WASHINGTON — The United States has acknowledged that it waited for Iran to release American prisoners before delivering US$400 million in cash that it owed the country, but again insisted the payment was not ransom.
"With concerns that Iran may renege on the prisoner release... we of course sought to retain maximum leverage until after American citizens were released," State Department spokesman John Kirby told reporters on Thursday.
"That was our top priority," he said.
In January, five American prisoners were released as Washington granted clemency to seven Iranians and withdrew arrest warrants for 14 others.
Immediately thereafter, the United States helped airlift $400 million worth of Swiss francs and euros to Iran.
The US government insists that money was to settle an old debt stemming from a military purchase by Iran.
The money was delivered on January 17, just one day after a landmark nuclear deal between Tehran and world powers took effect.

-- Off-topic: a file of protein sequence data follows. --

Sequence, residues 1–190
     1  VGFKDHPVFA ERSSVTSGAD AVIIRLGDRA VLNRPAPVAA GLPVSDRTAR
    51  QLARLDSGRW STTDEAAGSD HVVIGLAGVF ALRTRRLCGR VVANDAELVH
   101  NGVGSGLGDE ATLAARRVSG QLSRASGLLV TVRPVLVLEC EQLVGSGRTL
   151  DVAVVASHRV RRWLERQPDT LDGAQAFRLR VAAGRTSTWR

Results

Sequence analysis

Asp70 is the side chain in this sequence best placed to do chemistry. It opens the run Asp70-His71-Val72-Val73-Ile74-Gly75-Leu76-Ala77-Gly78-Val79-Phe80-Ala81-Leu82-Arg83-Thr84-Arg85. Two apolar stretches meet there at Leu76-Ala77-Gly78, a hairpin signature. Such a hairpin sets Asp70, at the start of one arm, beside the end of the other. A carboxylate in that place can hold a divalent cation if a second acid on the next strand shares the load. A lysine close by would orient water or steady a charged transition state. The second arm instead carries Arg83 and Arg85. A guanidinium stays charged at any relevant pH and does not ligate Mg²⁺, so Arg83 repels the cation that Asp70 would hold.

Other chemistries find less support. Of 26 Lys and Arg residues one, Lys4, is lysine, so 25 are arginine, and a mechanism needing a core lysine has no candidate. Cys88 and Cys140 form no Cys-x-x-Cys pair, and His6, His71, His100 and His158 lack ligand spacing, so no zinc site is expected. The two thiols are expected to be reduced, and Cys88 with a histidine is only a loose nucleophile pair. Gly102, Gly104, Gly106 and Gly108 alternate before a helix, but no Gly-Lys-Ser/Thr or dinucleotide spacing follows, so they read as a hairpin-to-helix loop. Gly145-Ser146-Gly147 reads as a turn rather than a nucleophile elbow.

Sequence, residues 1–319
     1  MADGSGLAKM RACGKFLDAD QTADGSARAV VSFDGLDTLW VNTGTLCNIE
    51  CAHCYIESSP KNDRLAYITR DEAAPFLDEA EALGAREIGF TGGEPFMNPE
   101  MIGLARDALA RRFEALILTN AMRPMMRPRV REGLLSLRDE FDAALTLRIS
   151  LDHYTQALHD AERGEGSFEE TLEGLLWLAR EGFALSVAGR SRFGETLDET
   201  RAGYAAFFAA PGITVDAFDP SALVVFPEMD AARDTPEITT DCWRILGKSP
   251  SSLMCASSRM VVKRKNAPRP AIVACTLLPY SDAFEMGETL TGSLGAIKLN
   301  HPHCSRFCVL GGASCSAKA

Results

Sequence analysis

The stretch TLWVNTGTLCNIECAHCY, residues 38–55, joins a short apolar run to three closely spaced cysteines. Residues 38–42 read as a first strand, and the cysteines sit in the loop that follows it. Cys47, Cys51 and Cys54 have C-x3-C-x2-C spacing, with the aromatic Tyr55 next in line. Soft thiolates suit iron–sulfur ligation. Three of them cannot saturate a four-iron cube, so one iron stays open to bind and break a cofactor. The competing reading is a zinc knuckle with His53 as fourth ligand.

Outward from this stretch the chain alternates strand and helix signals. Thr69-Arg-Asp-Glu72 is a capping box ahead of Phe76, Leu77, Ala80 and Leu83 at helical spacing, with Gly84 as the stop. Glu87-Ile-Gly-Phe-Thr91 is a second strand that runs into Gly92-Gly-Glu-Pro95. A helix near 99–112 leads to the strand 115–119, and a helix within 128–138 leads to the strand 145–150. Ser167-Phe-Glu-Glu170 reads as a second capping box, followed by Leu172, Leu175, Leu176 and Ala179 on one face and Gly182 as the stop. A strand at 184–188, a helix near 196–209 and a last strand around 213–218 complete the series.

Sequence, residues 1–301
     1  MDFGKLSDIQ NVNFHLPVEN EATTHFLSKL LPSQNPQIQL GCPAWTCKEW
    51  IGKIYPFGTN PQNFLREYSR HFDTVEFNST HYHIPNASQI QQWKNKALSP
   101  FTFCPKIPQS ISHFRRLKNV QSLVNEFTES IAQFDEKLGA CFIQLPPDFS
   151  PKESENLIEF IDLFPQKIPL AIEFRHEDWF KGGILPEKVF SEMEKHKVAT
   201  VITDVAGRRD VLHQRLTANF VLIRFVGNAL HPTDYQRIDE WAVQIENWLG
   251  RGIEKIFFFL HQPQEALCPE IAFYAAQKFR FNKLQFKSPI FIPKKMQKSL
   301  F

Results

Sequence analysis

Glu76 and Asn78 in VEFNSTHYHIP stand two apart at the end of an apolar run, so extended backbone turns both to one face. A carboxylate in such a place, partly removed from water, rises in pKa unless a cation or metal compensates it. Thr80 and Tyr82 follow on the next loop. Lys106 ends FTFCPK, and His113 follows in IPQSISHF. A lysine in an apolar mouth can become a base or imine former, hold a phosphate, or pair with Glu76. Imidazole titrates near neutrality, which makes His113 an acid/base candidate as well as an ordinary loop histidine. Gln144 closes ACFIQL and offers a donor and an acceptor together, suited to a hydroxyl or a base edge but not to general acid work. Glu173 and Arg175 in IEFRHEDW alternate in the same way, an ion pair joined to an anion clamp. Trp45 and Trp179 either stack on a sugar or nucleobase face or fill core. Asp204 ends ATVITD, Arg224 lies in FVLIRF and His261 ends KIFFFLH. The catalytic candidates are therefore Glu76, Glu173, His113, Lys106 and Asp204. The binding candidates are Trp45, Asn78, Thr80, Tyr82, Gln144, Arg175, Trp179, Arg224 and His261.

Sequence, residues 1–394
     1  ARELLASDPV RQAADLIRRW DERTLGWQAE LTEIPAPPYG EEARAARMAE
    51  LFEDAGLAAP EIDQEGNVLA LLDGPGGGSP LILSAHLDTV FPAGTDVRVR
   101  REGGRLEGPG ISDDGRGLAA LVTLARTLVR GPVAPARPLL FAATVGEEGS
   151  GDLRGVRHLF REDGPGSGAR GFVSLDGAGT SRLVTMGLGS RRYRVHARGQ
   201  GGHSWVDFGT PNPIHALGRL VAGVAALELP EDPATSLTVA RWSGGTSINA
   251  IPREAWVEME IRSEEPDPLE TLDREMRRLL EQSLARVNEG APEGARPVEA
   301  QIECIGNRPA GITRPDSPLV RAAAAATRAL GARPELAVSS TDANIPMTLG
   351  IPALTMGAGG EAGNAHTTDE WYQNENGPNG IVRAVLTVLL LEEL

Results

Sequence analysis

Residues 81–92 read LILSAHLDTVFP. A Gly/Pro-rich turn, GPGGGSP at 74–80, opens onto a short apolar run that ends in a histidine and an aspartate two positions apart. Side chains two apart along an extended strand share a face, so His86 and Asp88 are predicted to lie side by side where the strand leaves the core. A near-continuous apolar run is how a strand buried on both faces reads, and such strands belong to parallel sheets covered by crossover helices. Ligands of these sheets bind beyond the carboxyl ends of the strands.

"We were able to conclude multiple strands of diplomacy within a 24 hour period, including implementation of the nuclear deal, the prisoner talks and a settlement of an outstanding Hague tribunal claim," Kirby said.
"It’s already publicly known that we returned to Iran its $400 million in that same time period as part of the Hague settlement agreement," he said.
In early August, the State Department had said the prisoner release and delivery of money were completely separate, although Kirby acknowledged on Thursday that the two were in fact related.
The ordeal has set off a tidal wave of condemnation from Republicans, who have questioned the timing of the two events and said the government paid ransom for the prisoner release. — AFP